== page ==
Mikael Granlund, Jared Coreau, Nick Jensen
A common occurrence during the 2016-17 season

 When I was ten the University of Michigan football team went 7-5 because Tyler Eckert didn’t pitch the ball to Steve Breaston*, and everyone was mad as hell and I thought that was the worst thing that could ever happen to Michigan football. Then the RichRod and Brady Hoke eras were a thing, and I realized that my ten-year-old self was way wrong in that assessment, and that Michigan fans were spoiled when it came to long-term success. After not missing the playoffs for a solid quarter century, a similar phenomenon is happening with the Detroit Red Wings. In this first segment of their 2017-18 season preview, we’ll set the mood for the upcoming season as the Wings prepare to enter their own RichRod era by talking about, like, feelings and stuff. Part Two of the season preview will delve deeper into the actual hockey side of things.

* – Seriously, just pitch the goddamn ball to Breaston!

 

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As we inch closer to puck-drop on the Detroit Red Wings’ 2017-18 regular season, a feeling of uncertainty surrounds the franchise, dampening much of the excitement that would otherwise be felt by fans at the start of a new year. This is Detroit, after all, a city where hope springs eternal for its beloved sports franchises – yet even an ever-optimistic Motor City fanbase approaches the upcoming NHL season with an air of reservation. Who’s to blame them, really?

For the first time since many of their fans have been old enough to truly pay attention to sports, the Wings are coming off a season in which they failed to qualify for the playoffs. With the snapping of a string of 25 consecutive postseason appearances – a streak beginning a full four years before this writer’s birth – so too came the realization for much of the team’s fanbase that the Wings are no longer special. A patina of mystique was scrubbed away from the team, and in the harsh light of a playoff-less reality, a spoiled fanbase was required to come to a handful of disappointing acceptances: there is no such thing as Red Wings Exceptionalism; there is no Manifest Destiny guiding the team to success every year; the Wings are just as susceptible to the trials and tribulations of a parity-driven league as any other team. Red Wings fans haven’t had to deal much with mediocrity over the past quarter century – before last year an embarrassing season was getting stonewalled out of the first round in six games by an en fuego Dwayne Roloson and the rest of an eight-seed Edmonton Oilers team that eventually lost in the Stanley Cup Finals in seven games. Oh, how we now look upon those days with fond memories…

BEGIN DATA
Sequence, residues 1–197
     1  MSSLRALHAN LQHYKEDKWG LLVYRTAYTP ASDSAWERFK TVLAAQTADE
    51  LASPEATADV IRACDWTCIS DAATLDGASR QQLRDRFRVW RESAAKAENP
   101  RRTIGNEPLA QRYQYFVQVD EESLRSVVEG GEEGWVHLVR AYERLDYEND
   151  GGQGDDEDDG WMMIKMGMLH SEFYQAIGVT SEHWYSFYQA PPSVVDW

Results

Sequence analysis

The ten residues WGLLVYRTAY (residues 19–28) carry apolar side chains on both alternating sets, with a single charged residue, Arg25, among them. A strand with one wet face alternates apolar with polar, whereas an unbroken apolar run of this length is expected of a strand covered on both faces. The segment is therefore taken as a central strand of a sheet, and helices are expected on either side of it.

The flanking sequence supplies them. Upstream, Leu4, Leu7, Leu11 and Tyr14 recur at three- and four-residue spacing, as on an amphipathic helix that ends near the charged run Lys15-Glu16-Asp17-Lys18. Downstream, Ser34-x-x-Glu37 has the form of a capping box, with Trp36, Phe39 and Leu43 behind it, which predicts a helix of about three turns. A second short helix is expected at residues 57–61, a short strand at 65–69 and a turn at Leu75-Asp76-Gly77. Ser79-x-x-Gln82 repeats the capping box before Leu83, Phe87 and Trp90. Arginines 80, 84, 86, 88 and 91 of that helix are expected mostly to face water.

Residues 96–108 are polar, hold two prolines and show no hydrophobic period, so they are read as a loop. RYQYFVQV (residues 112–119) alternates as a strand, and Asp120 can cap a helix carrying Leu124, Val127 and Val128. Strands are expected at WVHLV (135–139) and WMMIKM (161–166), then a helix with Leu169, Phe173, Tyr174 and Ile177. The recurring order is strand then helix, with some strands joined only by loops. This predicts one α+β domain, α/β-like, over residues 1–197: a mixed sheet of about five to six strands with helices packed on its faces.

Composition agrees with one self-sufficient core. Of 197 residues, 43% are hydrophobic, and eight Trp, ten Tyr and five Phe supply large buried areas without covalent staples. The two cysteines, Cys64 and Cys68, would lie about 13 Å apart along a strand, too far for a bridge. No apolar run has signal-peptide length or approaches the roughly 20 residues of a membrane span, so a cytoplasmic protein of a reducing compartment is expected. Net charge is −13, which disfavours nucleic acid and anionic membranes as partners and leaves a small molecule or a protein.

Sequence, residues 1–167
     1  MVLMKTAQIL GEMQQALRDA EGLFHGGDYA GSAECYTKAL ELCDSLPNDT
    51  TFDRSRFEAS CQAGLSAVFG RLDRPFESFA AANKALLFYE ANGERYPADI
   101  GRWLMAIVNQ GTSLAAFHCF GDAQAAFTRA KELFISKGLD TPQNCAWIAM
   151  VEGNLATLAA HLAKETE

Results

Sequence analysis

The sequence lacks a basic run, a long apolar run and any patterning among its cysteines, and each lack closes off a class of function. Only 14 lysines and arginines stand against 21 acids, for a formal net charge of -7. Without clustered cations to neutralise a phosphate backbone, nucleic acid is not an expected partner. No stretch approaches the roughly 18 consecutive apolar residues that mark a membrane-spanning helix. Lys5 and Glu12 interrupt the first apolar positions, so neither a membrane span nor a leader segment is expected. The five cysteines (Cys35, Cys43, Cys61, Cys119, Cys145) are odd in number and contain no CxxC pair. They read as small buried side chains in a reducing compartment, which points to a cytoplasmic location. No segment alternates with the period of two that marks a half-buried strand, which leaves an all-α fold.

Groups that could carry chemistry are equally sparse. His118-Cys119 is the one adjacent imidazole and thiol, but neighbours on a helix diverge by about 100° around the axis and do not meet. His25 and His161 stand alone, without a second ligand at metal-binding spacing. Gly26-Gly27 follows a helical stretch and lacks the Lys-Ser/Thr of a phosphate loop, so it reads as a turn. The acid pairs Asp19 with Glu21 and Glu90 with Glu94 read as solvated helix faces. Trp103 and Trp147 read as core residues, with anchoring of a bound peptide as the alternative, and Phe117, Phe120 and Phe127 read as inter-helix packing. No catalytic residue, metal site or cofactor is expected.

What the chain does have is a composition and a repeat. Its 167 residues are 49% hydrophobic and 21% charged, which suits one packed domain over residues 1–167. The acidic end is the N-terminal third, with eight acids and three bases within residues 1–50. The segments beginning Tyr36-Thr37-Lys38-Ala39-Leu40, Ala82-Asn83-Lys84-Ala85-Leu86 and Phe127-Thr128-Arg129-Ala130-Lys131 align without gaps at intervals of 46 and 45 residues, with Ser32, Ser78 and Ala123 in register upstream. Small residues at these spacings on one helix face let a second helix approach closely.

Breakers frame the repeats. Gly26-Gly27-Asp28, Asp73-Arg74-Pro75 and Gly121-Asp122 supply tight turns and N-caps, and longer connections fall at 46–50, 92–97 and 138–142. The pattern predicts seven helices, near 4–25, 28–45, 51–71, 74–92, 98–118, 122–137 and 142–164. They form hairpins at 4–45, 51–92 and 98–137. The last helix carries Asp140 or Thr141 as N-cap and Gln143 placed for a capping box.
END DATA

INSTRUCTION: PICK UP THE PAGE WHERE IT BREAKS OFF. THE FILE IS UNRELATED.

What once stood as the most consistent franchise in professional sports has seen its foundation eroded, pillars of identity toppled, one-by-one, over the past half-decade, leaving the Red Wings a barely recognizable husk of their former self. The past few seasons have been rough on Wings fans, as a lack of on-ice success has been compounded by numerous off-ice misfortunes. The departure of tough-yet-loveable head coach Mike Babcock, who had piloted the Wings for a decade before taking off for greener pastures in Toronto two seasons ago. The closing of Joe Louis Arena, home to the Wings since 1979 and witness to four Stanley Cups during a run of dominance rarely matched in professional sports. The deaths of Mike Illitch, emblematic owner of the team during its greatest run of success, and Gordie Howe, fiery enforcer and one of the game’s all-time greats, both highly public faces of the franchise.

The cessation of the Red Wings’ postseason streak had been coming for a few years, as evidenced by the Wing’s ass-backwards fall into the eighth seed last season, and served merely as a disappointing punctuation to the end of a relatively swift and miserable period of decline. Gone are the institutions that made the Red Wings the most feared and the most respected franchise in all of hockey.

In their place are plenty of things fans will find to be weird and foreign, requiring of some amount of adjustment before accepting them as genuine.  Replacing the aging and antiquated Joe Louis is a bright and shiny new barn, Little Caesars Arena. Nestled into a burgeoning area of downtown Detroit only a few blocks from Ford Field and Comerica Park, the new arena comes as part of an effort to revitalize and rebrand this section of the city into “District Detroit,” an entertainment and cultural district built on newfound vibrancy. LCA, by all accounts, looks to be one of the nicest new arenas in the NHL, and should have fans excited for the future of the team. Yet there are certain aspects to it that don’t feel quite right just yet. Maybe it’s the corporate feel that comes with the name – a necessity in the current sports universe, sure, but still disappointing and bland in comparison to the old stadium, a testament to a Detroit sports and civil rights icon. Perhaps it is also the fact that the Wings will be sharing their new home with the Detroit Pistons, who are moving back into the downtown area for the first time in three decades.

Little Caesars Arena will surely be a fantastic place to watch a hockey game, and has drawn widely positive reviews following the first few preseason games played there, but it will still take a while before it truly feels like home. It may come with all the bells and whistles, like the largest seamless jumbotron ever made hanging above center ice, but for now it lacks the character of the old Joe Louis, with its sticky floors, and lack of leg room, and trough-lined restrooms. There will be a period of transition between JLA and LCA, during which fans will have to settle in to the team’s new home. Beginning this season, there will be a period of transition within the franchise as well, as the Wings look to find a new identity.

Strap in tight; until then, it could be a bumpy ride.